At least once a month, I get a phone call from a Spectrum customer who is at her wit’s end. The upset emails come much more frequently.
But the most recent phone call really broke my heart.
It came from Judy Zack, a self-described “semi-handicapped” Kaisertown resident, whose cable bill had just increased from $109.88 per month to $130.91 per month.
She was barely making the payment as things were, but the new price would likely break her.
Years ago, when she was a busy teacher, she could have easily done without cable altogether. But, alone now and homebound, the movies she watches are her life’s great pleasure. That pleasure is now moving out of reach.
“When I was younger, I could do anything. At 76, what can I do? Straighten up the house?” she said, in tears.
Zack doesn’t have the priciest package. In fact, she doesn’t even want most of the channels she gets, since a third of them are “cartoons and rock ’n’ roll,” she said. But Spectrum doesn’t allow customers to choose channels a la carte, and if she switches to the cheaper package, she’ll lose the stations she does watch.
Consumers are cutting the cord in droves, jumping ship for more user-friendly streaming services that offer more customization and better value. But people like Zack, who don’t have internet or the ability to convert to a different method, are stuck.
Her complaints echo many others I’ve heard: Customer service is bad, she said. So is her equipment, despite increased rental costs and other fees. The bill keeps going up, with no increase in value. Her options, and the answers to questions she has about her account, seem to change depending on which Spectrum representative she gets on the line.
Usually, if you’re not happy with a product, you can switch to a competitor. That’s not the case for Zack and many others. The only other cable option, Verizon Fios, is unavailable in many places across Western New York.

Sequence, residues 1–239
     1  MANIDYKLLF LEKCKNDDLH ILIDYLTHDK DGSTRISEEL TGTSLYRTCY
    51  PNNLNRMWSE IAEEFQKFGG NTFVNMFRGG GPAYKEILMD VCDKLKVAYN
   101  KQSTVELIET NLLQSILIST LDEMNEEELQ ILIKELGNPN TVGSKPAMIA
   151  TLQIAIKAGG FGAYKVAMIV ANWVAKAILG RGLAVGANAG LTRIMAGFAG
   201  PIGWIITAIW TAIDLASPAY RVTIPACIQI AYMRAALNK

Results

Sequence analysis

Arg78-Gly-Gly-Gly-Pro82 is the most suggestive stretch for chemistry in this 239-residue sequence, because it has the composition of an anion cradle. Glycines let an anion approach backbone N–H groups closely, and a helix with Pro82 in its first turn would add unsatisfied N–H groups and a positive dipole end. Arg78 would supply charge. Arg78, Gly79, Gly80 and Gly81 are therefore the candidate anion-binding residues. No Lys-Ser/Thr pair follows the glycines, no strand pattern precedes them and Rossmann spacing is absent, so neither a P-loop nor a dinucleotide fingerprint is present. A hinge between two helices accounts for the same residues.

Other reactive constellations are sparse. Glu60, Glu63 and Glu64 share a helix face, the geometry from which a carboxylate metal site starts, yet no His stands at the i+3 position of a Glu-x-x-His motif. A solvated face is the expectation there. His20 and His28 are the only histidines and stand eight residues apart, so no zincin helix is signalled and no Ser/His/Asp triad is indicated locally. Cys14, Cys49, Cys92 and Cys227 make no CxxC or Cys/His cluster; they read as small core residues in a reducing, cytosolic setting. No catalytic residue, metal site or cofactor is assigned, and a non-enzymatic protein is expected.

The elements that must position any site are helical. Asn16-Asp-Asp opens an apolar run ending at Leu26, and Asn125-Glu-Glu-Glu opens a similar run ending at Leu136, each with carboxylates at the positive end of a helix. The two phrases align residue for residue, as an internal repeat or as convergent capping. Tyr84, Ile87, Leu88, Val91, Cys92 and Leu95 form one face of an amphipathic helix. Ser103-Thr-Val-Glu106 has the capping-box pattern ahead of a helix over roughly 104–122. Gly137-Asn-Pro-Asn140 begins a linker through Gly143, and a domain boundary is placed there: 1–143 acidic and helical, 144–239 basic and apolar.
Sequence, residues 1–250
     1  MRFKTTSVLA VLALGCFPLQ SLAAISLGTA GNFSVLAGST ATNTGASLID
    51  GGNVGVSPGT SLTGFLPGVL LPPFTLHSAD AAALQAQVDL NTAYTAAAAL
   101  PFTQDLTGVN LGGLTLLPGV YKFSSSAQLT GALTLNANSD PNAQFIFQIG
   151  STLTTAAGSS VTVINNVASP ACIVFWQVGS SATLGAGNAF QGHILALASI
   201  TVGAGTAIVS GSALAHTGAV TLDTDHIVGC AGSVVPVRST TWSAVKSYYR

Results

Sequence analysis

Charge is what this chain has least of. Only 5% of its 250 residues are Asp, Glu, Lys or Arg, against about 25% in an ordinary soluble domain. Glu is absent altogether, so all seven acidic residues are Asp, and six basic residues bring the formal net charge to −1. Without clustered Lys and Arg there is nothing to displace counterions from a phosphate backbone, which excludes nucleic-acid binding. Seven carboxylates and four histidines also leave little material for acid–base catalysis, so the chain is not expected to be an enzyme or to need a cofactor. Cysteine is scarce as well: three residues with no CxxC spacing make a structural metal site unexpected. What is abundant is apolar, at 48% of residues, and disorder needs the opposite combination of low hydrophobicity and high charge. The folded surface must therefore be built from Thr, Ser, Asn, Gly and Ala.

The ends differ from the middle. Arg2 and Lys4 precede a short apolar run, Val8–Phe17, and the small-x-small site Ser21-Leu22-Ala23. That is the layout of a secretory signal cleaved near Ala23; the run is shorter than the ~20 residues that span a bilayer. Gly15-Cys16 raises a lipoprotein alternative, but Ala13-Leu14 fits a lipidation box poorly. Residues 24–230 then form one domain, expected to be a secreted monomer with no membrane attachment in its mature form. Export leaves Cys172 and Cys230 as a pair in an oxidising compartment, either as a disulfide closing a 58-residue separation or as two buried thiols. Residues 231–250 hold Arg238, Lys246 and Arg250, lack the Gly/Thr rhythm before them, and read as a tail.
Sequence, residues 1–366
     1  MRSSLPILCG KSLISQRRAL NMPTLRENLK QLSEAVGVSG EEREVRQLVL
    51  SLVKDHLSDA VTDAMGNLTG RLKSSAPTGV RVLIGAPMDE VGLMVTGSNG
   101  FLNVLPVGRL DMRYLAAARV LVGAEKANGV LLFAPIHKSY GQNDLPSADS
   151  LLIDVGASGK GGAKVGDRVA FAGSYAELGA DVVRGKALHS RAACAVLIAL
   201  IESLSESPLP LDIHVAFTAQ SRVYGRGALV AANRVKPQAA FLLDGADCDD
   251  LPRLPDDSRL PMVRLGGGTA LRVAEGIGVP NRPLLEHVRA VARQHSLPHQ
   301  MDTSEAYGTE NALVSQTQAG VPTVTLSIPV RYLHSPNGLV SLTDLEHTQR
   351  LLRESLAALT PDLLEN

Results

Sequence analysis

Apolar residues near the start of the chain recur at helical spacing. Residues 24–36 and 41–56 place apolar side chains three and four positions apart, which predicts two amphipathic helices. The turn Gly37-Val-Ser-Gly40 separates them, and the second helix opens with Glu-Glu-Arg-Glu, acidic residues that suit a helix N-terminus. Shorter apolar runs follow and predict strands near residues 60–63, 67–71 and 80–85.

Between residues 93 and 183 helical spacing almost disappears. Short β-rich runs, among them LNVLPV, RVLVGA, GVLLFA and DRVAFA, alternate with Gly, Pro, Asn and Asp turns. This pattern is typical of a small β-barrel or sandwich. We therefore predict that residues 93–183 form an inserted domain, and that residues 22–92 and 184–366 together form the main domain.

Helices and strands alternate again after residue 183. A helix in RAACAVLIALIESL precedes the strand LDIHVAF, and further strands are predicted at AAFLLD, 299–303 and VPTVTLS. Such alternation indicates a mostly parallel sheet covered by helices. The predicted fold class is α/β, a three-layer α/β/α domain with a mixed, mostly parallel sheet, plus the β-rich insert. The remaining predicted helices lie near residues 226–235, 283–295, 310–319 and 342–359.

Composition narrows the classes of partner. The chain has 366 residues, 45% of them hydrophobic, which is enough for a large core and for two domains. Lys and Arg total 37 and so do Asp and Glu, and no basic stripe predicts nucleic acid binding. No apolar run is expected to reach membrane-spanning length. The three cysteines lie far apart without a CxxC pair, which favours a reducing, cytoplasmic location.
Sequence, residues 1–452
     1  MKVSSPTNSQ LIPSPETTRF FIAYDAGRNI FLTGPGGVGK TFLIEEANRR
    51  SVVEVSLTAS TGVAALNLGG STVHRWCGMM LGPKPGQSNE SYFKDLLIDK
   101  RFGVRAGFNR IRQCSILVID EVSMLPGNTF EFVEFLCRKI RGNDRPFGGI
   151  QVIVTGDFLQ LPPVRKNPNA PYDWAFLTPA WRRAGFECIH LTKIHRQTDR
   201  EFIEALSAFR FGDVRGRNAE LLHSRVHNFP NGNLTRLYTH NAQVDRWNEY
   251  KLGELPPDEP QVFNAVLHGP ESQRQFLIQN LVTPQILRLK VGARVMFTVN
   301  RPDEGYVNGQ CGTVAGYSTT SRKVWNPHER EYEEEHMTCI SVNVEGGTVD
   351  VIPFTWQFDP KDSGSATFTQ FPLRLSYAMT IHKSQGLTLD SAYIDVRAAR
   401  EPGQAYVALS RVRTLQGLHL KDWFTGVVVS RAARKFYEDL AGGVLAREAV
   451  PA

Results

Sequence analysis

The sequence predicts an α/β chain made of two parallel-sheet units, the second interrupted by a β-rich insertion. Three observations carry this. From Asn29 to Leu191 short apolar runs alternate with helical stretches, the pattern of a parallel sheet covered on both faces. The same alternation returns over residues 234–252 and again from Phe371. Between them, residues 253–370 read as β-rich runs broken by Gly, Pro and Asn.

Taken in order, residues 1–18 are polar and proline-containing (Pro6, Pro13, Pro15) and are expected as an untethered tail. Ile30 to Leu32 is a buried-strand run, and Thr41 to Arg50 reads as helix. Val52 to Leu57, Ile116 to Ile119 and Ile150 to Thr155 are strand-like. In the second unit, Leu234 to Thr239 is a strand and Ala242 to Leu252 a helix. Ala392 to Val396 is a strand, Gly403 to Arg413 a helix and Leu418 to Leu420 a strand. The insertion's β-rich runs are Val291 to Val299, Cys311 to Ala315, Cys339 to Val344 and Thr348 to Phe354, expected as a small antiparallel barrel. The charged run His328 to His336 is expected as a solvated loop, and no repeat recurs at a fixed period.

Spectrum is in hot water with New York State regulators right now over its internet service. The state’s Public Service Commission started trying to kick Spectrum out of the state in July for failing to adequately expand its broadband internet availability. The state attorney general also charged Spectrum with advertising internet speeds it knew it could not deliver, and charging customers for internet speeds that were much slower than what customers received.
But Spectrum recently bought more time with the state. Charter Communications, which was told to find another company to run its internet, phone and TV systems in New York, was supposed to have submitted a six-month exit plan with the state by Monday. But, following “productive talks” to find a solution with Spectrum, the state has given Charter an extension until Oct. 9.
Spectrum haters might see that as a curse, but it could be a blessing.
Without Spectrum, Western New York’s next sole cable option might be Comcast – one of the most hated companies in the country. And just remember, you didn’t think you could hate anything more than Time Warner Cable.